Thursday, May 23, 2013
Puritanism was (somewhat unfairly) described many decades ago by H.L. Mencken, the cynical "sage of Baltimore," as "the haunting fear that someone, somewhere, may be happy."
Today, however, we labor under the ministrations of "New Puritans," busybody liberals who suffer from the haunting fear that someone, somewhere, might be happy without government supervision.
Government has its proper sphere, but when it meddles in people's daily lives via the well-intentioned tyranny called "The Nanny State," it is time to rein it in -- hard.
Unfortunately, that's not easily accomplished these days. We live in an age when the urge to meddle in minor issues (while letting major ones slide) seems ingrained in many "public servants" who are really public scolds.
The chief national representative of buttinsky-ism is Mayor Michael Bloomberg of New York (Forbes' 13th-richest man in the world, with $27 billion in assets). He has richly earned the ironic title of "Nurse Bloomberg" with his campaigns against the sale of large sodas (recently interrupted by a state judge, whose verdict is being appealed), or selling popcorn and milkshakes in theaters or using salt on restaurant meals.
Most notably, hizzoner lives under the full-time protection of armed guards but is perhaps the country's most prominent advocate for denying ordinary, non-billionaire citizens the right to carry firearms for self-protection.
He's not alone in that hypocrisy, of course. And the Nanny State isn't limited to New York City. Symptoms of it appeared in Portland recently with efforts by local New Puritans to implement a number of "reforms."
First, the city just passed its third smoking ban, expanding it from indoor public spaces and athletic fields to include parks, plazas and "open spaces."
Sure, tobacco is deadly, at least for most heavy users. But that doesn't stop these bans from being Nannyesque. If tobacco use kills you, why not make it illegal, as we do for other drugs that aren't even lethal? However, we all know why its sale is still permitted. Government profits from it via extortionate levels of taxation.
So liberals pat themselves on the back about their public-spiritedness with laws that harass smokers while still keeping the cash flow moving. Isn't there a name for people who make money selling drugs to addicts?
But that's not all. Last week, under the headline "Portland launches effort to ban polystyrene cups, plastic bags," we read about a new panel of busybodies bearing the perfectly New Puritan name of Green Packaging Working Group.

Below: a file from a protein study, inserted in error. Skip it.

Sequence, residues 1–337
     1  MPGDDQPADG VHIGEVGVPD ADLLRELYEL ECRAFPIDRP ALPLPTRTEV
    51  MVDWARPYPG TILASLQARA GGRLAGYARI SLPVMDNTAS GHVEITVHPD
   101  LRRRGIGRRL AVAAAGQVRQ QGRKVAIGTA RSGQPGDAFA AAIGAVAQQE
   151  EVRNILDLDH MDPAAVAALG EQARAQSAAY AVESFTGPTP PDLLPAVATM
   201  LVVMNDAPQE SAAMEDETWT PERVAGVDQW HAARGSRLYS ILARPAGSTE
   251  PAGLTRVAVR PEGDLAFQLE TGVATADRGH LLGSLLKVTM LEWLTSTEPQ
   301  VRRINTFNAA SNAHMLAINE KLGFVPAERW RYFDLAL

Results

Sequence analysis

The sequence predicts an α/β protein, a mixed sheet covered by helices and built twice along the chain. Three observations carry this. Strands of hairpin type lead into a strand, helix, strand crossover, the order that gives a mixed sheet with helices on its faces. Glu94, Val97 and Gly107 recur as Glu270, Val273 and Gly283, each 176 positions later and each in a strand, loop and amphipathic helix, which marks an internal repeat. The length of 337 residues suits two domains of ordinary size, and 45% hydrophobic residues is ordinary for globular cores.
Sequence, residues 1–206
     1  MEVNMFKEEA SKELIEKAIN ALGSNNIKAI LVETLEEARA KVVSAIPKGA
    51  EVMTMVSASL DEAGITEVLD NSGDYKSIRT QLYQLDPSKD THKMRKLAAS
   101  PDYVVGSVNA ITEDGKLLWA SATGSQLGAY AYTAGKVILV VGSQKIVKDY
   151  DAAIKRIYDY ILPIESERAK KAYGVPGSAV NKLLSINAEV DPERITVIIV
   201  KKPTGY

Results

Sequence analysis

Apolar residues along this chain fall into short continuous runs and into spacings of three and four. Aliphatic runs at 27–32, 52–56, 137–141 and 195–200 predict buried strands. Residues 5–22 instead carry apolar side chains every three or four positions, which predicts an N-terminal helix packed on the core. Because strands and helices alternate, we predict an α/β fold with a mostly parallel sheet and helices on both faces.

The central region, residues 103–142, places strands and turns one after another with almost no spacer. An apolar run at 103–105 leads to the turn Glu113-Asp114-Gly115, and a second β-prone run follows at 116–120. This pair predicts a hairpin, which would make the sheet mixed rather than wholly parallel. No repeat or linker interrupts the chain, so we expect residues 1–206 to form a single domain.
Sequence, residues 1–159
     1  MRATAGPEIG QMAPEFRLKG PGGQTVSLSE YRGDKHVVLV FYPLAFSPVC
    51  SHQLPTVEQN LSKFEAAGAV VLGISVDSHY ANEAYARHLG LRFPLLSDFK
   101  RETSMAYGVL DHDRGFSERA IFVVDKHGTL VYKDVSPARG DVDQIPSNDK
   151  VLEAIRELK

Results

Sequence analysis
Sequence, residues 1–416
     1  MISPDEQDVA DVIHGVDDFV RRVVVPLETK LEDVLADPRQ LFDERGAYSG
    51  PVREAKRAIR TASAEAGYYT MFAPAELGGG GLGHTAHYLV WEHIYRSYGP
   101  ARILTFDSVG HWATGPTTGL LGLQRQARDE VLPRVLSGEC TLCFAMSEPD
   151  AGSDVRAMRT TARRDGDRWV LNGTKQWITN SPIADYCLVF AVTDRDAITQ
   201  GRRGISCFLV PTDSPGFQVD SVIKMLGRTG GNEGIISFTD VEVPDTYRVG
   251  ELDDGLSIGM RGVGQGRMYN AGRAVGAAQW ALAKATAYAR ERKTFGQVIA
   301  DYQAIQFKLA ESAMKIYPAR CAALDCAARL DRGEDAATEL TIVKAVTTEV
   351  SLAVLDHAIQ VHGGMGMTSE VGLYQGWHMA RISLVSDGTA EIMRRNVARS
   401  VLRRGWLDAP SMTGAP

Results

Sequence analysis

Alas, it's not an effort to promote shamrock-decorated bags on St. Paddy's Day, but is instead aimed at containers favored by people who like their coffee hot and their groceries packaged in bags that are 1) recyclable and 2) easily adaptable to other uses, such as carrying or storing loose items, lining wastebaskets or removing Fido's street deposits.
I won't belabor the cup issue -- those who have burned their hands with coffee in a paper cup, or had their hot drinks quickly grow cold, know how foolish it would be to ban foam cups -- but the plastic bag subject is actually interesting.
That's because the commonly offered replacement for them isn't paper bags (which are not only recyclable, but made from a renewable resource), but personally owned cloth bags.
Like most unexamined ideas, however, cloth bags sound good but have serious pitfalls.
Under the headline, "The Disgusting Consequences of Plastic-Bag Bans," a Feb. 4 column on Bloomberg.com (ah, sweet irony!) noted that San Francisco, one of the first places to adopt a plastic-bag ban, also reports that prior to the ban, such bags accounted for only 0.6 percent of litter in the city. Not only was the problem miniscule, the plastic-bag industry supports 30,000 jobs that a widespread ban would put at risk.
Most interesting of all, cloth bags can be hazardous to our health. As the column reported, "In a 2011 study, four researchers examined reusable bags in California and Arizona and found that 51 percent of them contained coliform bacteria. ... Seventy-five percent of (users) said they keep meat and vegetables in the same bag. When bags were stored in hot trunks for two hours, the bacteria grew tenfold."
And there's more: "That study also found, happily, that washing the bags eliminated 99.9 percent of the bacteria. It undercut even that good news, though, by finding that 97 percent of people reported they never wash their bags."
Other studies found food-borne illness and death rates growing in cities that banned plastic bags, or revealed that the environmental impact from making enough cloth bags for everyone to use and then washing and drying them all weekly would be higher than that of producing plastic bags.
Mandating cloth bags, however, would make the New Puritans feel better about themselves, and that's what really counts. Isn't it?
M.D. Harmon, a retired journalist and military officer, is a free-lance writer and speaker. He can be contacted at: firstname.lastname@example.org